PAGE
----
M: 215 GB (171 GB Free);
P: 999 GB (355 GB Free);
S: 431 GB (34 GB Free);
Z: 215 GB (136 GB Free);
----------------
Add up to 2TB
A storage drive which has an advertised capacity of 2 TB actually has a capacity of 1862 GB
According to your log, those 5 partitions (C, M, P, S, Z) equate to 2083 GB
That's why I was trying to determine where the extra 221 GB came from.
O: 59 GB (59 GB Free); - - - 64GB ssd
A storage drive which has an advertised capacity of 64 GB actually has a capacity of 59 GB
I already guessed the O: partition is the storage drive which has an advertised capacity of 64 GB

Thanks for clarifying that the smaller storage drive is a SSD and that the larger storage drive is a HDD.

I agree 100% with James.
If you decide to re-install Windows 7 and get a fresh start, do it in the SSD.
Windows 7 will run faster and snappier.

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cyberpac9

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369
No restore point, it is older (I must have turned off restore points for some reason, but don't recall doing so). My original intent when windows first installed was to be on the ssd. Not sure how I messed that up. I promise I'm familiar with setting up and building computers, despite what is being shown here. 😂

As mentioned above, when I boot up I don't get the bios screen to display - lights come on, fans spin, etc, just no bios. I only gave it a minute or so, it shouldn't take that long for bios to display. I plan on working on it later. Any ideas or tips? I plan on checking cables but any other troubleshooting tips would be appreciated.
 

Couriant

James
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If you are not using the VGA port, try that if you can. If it's not showing any video... disconnect the internal drives and and all other USB devices so you have just keyboard and mouse and see if you can get anything.

If you can't get anything showing at that point, and the VGA port is onboard, then I would think the motherboard is having an issue.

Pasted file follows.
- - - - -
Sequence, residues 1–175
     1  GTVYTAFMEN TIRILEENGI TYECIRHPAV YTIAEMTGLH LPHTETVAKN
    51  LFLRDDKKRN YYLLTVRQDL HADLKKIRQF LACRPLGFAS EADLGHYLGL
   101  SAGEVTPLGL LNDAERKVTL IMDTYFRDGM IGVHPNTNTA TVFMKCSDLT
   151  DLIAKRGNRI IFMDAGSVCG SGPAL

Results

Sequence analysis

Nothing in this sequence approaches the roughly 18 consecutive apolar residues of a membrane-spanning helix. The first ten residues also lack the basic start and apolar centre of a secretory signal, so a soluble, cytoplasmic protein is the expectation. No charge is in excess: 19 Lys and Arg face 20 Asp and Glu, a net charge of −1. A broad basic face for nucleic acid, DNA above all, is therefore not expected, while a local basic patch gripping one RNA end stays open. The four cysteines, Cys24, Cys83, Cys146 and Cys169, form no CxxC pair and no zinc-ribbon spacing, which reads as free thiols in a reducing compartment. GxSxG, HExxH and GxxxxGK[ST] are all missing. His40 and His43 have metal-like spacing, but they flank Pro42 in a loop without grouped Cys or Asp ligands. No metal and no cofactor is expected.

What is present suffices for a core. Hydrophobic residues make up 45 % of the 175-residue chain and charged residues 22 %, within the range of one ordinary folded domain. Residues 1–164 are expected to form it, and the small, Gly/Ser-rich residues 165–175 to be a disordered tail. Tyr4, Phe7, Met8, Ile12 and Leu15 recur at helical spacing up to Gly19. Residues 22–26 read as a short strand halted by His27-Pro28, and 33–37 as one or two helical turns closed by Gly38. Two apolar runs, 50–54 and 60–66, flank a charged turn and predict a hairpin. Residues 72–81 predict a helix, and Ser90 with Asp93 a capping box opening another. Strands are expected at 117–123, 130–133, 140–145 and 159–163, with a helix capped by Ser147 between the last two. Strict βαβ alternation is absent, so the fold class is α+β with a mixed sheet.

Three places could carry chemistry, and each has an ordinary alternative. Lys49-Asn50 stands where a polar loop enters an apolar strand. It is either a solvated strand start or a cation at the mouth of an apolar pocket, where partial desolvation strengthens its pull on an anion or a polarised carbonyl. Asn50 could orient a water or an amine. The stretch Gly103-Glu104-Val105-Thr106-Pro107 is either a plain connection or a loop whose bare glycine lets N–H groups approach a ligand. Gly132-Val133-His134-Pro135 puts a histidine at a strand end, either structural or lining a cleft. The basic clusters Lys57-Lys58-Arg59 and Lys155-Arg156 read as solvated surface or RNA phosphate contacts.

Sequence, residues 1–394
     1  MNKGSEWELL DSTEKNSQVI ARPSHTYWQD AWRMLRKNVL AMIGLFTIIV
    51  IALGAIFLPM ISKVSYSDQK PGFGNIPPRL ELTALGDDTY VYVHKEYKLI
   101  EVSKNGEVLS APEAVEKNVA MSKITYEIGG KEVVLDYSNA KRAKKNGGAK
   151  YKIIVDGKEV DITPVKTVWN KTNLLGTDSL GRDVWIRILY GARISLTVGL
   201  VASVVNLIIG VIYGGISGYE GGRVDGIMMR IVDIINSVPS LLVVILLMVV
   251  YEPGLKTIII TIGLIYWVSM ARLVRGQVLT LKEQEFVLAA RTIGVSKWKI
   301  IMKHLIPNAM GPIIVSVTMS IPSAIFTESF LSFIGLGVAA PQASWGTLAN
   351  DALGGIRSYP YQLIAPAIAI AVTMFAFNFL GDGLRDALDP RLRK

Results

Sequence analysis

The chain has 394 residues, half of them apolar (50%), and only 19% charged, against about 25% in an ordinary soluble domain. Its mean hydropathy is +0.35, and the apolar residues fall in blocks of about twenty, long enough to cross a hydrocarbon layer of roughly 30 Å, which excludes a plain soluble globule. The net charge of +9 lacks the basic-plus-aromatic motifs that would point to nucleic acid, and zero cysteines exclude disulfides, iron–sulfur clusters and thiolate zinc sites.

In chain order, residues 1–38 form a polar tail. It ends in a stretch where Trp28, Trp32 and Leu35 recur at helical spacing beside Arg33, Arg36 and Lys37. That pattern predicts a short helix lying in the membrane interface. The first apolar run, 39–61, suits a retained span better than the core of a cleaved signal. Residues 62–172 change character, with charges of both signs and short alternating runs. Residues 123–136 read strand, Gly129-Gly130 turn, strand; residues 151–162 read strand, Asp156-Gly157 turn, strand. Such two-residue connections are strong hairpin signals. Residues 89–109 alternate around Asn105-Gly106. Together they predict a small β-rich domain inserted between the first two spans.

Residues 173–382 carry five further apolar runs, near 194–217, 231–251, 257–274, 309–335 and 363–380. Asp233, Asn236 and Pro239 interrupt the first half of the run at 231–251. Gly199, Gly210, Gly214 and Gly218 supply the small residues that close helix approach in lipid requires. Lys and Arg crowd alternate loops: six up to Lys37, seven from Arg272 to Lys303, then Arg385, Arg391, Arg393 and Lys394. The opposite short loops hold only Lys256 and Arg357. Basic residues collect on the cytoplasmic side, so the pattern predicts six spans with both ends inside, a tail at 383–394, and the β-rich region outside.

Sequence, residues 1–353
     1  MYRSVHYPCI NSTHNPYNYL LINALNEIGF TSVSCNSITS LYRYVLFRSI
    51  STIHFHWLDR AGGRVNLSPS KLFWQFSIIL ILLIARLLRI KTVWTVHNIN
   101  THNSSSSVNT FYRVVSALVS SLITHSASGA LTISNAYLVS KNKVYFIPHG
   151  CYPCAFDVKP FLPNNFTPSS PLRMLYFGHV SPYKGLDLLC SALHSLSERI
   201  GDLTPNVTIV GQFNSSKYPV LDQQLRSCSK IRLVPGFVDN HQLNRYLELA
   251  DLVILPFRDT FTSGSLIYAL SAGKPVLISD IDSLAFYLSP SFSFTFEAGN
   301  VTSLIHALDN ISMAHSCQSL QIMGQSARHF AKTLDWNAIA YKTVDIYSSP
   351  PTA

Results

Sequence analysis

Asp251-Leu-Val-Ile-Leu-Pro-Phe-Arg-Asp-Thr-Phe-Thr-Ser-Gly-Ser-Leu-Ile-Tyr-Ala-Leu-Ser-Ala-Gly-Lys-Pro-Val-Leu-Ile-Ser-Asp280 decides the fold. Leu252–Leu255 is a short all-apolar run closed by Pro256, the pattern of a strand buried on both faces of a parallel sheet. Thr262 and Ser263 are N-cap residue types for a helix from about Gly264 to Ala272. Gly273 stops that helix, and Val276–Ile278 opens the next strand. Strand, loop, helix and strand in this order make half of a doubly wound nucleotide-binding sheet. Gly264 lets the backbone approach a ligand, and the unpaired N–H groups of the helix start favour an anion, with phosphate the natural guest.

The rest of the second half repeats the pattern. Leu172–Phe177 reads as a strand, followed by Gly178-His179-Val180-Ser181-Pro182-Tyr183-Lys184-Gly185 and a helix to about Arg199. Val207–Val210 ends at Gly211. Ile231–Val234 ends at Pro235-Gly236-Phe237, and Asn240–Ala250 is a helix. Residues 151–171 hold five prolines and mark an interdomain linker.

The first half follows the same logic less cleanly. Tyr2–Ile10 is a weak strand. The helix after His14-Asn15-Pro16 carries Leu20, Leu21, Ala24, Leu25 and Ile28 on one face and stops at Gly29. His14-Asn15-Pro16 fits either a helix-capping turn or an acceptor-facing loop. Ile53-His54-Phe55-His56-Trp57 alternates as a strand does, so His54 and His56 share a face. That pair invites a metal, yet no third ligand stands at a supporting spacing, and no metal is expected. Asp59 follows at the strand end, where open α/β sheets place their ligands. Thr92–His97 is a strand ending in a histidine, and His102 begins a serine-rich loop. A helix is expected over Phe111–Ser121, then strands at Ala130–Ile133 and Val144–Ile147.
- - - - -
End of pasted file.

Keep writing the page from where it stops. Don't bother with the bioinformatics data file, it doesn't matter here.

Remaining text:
cyberpac9

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369
Ok, this machine really wants me to have a breakdown. What I did to the machine that wouldn't show anything the other day - I switched one monitor to vga on the MB. The other monitor remained dvi. I booted the machine and got bios and into windows no problem. Ugh! So, now that it's up, I'm going to double check that everything is backed up from the hdd. My next step is to install windows on the ssd.

Do you agree with that route? Or, are there other things I should consider doing first? I really appreciate you guys sticking with me as I figure this thing out.
 

Couriant

James
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Yeah, backing up your needed data to a drive that is not those currently in (internal) first then do a fresh install of Windows. You may want to disconnect the drives you don't want to have Windows accidently installed on it so it will make sure that the SSD is used.
 

cyberpac9

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Everything has been backed up and I've gathered necessary programs to be installed after windows is installed. (with 2 jobs and virtual school for my son makes finding time hard, but I'm trying.) Before I proceed, I've got 2 more questions.
1) I'm wanting to put windows on my ssd and not on the hdd it's currently on. If I install windows on the ssd (which will leave the current installation on the hdd) will I run into issues? Do I need to worry about the boot loader? That will be on the hdd, right?
2) I have the win10 iso but never upgraded the win7 installation. Instead of installing win7 on the ssd, can I just use the iso and install win10 on the ssd?

Thanks for your help and patience.
 

Couriant

James
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You would most likely need to purchase a license for the Windows 10 instance.

As to installing the drive, you may run into issue with the boot loading and may boot to the Windows 7 instance instead.
 

cyberpac9

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There is/was a free upgrade from win7, so I'm good on that front.

I'm trying to figure out how to install on the ssd then and avoid the boot loader issue. I can disconnect the hdd, boot to win10 and install. I'm just not sure if that'll work or not since I think it needs to be an upgrade to win7.